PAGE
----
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New Federal Spending Bill Protects Medical Marijuana Businesses

By Roger Malespin (photo istock.com/kchungtw)

In a move that comes and great news for cannabis businesses and supporters of legalization, a bipartisan group of lawmakers have ensured that cannabis businesses that operate in states where medical and/or recreational use is legal will continue to be protected from federal charges. 
It is a continuation of the policy enacted by the Obama administration in 2014, but has recently been under fire from current attorney general Jeff Sessions. 

62 lawmakers wrote in a letter to House appropriations leaders earlier this month, "We believe that the consistent, bipartisan support for such protections against federal enforcement, combined with the fact that similar language has been in place since December 2014, makes a strong case for including similar language in your base FY 2019 appropriations bill.”

Sessions rescinded the 2014 policy in January, raising alarms about the progress made toward full legalization being rolled back, but he recently softened his tone on enforcement at the state level. The focus of the provision is the language of the previous federal court ruling, which contains ambiguities on whether it applies to certain states.

"We respectfully request that you include language barring the Department of Justice from prosecuting those who comply with their state’s medical marijuana laws," the lawmakers, led by Reps. Dana Rohrabacher (R-CA) and Earl Blumenauer (D-OR), wrote in a letter to the House Appropriations subcommittee. 

The language is known as the Rohrabacher-Blumenauer Amendment (RBA), which in effect bars the federal government from spending any money on prosecuting medical marijuana cases in 46 states. With this new provision, the RBA would still be safe even in the event of the omnibus deal not reaching final passage.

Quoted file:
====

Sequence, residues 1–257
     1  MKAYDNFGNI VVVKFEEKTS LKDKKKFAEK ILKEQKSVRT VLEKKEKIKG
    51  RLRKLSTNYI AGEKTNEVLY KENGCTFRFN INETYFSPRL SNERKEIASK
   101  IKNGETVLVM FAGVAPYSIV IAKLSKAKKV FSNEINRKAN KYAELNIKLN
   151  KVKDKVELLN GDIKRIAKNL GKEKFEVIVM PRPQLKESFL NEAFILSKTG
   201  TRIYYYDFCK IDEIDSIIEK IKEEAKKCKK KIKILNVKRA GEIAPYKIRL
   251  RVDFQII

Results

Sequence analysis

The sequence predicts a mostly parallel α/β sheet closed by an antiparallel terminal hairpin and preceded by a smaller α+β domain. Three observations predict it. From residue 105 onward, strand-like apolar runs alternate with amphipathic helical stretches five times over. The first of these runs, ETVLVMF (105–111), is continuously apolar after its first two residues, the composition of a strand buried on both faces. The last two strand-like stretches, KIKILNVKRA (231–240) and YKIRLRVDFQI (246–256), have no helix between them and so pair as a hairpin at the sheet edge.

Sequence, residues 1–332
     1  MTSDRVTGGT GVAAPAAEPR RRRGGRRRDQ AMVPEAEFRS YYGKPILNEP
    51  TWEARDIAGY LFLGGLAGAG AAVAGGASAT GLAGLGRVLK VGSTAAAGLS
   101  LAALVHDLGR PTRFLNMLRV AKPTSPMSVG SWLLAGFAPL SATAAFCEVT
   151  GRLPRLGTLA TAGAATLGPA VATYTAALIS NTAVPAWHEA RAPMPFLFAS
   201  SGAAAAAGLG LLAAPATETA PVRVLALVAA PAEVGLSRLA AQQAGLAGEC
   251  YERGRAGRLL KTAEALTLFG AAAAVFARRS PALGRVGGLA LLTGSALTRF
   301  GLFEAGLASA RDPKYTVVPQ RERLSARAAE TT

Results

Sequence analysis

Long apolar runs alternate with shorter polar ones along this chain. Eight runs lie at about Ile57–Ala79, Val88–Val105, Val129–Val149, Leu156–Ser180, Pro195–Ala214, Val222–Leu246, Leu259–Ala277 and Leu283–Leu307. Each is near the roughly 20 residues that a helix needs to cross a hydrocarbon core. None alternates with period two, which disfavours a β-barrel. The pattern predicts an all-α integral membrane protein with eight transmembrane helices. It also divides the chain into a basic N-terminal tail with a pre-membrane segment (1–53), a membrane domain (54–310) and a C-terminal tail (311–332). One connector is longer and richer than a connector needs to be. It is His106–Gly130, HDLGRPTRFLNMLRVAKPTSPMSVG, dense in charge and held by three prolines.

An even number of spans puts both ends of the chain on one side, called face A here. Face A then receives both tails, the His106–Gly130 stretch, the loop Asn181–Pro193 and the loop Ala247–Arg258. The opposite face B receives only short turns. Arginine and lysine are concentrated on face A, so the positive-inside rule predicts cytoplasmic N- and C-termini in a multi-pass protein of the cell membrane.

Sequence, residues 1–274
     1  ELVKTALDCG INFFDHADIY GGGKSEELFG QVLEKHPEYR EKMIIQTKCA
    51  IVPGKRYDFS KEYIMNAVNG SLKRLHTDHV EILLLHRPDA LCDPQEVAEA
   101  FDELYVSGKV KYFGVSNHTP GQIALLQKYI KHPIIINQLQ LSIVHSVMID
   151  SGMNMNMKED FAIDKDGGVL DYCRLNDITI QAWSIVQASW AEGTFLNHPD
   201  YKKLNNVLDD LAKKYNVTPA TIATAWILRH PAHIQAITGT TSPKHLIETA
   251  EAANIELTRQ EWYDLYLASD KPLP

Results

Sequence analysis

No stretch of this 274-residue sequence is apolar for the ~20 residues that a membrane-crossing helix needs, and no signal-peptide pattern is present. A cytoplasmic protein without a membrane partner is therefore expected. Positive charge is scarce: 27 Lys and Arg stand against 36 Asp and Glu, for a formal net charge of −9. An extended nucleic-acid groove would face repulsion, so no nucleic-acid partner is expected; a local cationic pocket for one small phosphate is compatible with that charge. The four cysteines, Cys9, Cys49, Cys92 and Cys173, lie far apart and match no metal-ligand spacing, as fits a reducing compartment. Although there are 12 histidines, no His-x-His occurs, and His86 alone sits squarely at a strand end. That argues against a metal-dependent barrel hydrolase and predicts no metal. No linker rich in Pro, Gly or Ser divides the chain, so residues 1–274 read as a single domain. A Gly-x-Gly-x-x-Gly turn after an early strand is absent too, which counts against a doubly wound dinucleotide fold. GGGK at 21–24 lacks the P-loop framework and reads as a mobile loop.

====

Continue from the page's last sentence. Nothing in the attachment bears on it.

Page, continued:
There are several ways this is a win for the industry. First, it shows continued bipartisan support in very divisive times for the will of the American people to continue with full federal legalization. Additionally, Sessions’ fiery rhetoric and symbolic grandstanding has only strengthened the resolve of those lawmakers, and even gained more support for the RBA over time. The number of states that allow some form on legal marijuana has more than doubled  since 2015.

The fact that Sessions, who has repeatedly espoused his want to repeal any state level marijuana legalization whatsoever but has not been able to gain sufficient support for his extreme views to put them to use, tells business owners that they have the support of House lawmakers. 

However, Rep. Blumenauer feels this is not as big a cause for celebration as some others. “While I’m glad that our medical marijuana protections are included, there is nothing to celebrate since Congress only maintained the status quo. These protections have been law since 2014. This matter should be settled once and for all,” Blumenauer said. 

He is right - vigilance is key, but we should still be reassured that a republican dominated congress is protecting the cannabis industry, which is worth already billions and projected to grow at an extremely high rate.